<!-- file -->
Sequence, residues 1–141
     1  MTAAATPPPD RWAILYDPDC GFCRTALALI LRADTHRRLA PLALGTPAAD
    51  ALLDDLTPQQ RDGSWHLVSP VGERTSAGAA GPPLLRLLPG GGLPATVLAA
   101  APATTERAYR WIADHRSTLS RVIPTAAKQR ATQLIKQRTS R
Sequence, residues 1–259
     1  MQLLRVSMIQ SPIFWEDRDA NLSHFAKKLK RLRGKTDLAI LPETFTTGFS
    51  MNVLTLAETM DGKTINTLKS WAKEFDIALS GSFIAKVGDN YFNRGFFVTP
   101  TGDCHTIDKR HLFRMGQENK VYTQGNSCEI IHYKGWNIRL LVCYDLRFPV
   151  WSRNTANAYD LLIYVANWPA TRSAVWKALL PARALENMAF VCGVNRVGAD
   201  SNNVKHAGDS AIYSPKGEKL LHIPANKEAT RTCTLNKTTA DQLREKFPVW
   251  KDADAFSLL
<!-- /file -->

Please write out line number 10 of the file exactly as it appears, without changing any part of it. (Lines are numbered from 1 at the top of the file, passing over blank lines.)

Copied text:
   201  SNNVKHAGDS AIYSPKGEKL LHIPANKEAT RTCTLNKTTA DQLREKFPVW